Protip: the partner has way more stuff on his plate than you do. It's your job to manage his workload and follow up as necessary. You're not important and your time is less valuable than his
Takes a certain type of person to be in their early thirties and be ok with the dynamic of "you are not important" in a job that is as stressful and time consuming as big law. This is the fundamental aspect of big law that makes the job unsustainable and miserable.
Wait, you're in your early thirties and you still think you're "special"? (regardless of what your mommy told you?) If so, biglaw (let alone any corporate organization) is probably not the right place for you...
Yea, being treated with respect and like my finite time on this planet isn't worthless is such a large thing to ask. I've worked outside of big law on the business side and no one treats people worse than I've seen people treated at law firms. Corporates that treat people similarly are known for being shitty places to work. I guess my bad for not wanting to continue working in these environments, fuck me right?
A partner not responding to your email on a timely fashion (or not responding altogether) doesn't immediately translate into them treating you with "disrespect." As someone else mentioned on this thread ,a part of an associate's job is managing a partner's schedule and bringing things to his/her attention, whether it be knocking on his/her door or putting something on their calendar. A discussion on poor associate treatment in biglaw is definitely worth having, but your post (or someone else? can't tell because of anonymous posting, although no idea why this needs to be on an anonymous basis) where you vented about a partner not getting back to your email sounded a bit snow flakey to me.

Anonymous User
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Joined: Tue Aug 11, 2009 9:32 am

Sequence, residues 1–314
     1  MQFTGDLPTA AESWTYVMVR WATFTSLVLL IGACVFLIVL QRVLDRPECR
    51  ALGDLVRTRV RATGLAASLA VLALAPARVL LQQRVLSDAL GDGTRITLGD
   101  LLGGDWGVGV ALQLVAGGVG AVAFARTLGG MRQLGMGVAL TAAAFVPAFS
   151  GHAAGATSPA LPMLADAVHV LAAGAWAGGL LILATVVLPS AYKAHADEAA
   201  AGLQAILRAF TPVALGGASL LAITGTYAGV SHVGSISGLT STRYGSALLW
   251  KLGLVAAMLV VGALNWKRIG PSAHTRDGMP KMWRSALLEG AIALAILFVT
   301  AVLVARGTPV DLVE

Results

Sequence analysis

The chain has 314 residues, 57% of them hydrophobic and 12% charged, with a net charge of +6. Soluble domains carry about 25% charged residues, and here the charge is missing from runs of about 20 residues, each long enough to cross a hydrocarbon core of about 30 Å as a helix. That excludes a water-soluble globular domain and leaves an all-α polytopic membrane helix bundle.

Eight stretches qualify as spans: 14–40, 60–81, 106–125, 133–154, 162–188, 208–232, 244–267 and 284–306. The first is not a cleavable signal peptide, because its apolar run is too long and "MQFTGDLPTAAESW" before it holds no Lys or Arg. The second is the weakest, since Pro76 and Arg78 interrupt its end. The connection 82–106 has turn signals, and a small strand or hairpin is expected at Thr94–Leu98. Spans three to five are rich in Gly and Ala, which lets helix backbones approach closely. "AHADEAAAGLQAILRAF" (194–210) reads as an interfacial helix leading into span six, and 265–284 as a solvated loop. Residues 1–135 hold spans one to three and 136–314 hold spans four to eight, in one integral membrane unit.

Re: How bad is Big Law life?

Post by Anonymous User » Sun Jul 26, 2020 7:19 pm

Anonymous User wrote:
Sun Jul 26, 2020 4:25 pm
Recent grad about to start biglaw. Re: partner's taking longer to get back to associate's emails. Is there something there about the billable hour, delay, letting the associate spend more time on a matter? While I was a summer I sat in on some client calls with partners. At times it seemed like they were drawing the conversation out or speaking unnecessarily slowly. It was a different experience from my prior job (before law school) where directors and managers in meetings were much more to the point (big tech).
Your observation about dragging out calls is a good one - I have often gotten the same impression - but generally speaking you don’t get to bill for sitting around waiting for a partner to deign to respond. It’s possible you’ll bill more trying to find the answer yourself, but I haven’t really gotten the impression that that was a goal.

Re: the argument going on above about whether it’s unreasonable to expect partners to get back to you in a timely manner, I feel like I usually have a sense of whether a partner is being unresponsive because they’re super busy versus when they’re unresponsive because they are out to dinner or just otherwise don’t GAF about my time. What’s most frustrating is that the same partners who are often MIA and/or get irritated at people following up are often the same people who make everything a fire drill and freak out about how long it took to get something done. In the innumerable hours I have spent doing doc review, I’ve read a lot of emails from a lot of companies, and I’ve never seen an industry where people treat each other like they do in law. Not saying they don’t exist, and certainly there are terrible bosses everywhere, just saying law sucks and I wish had just tried to get a job at an investment bank instead of going to law school.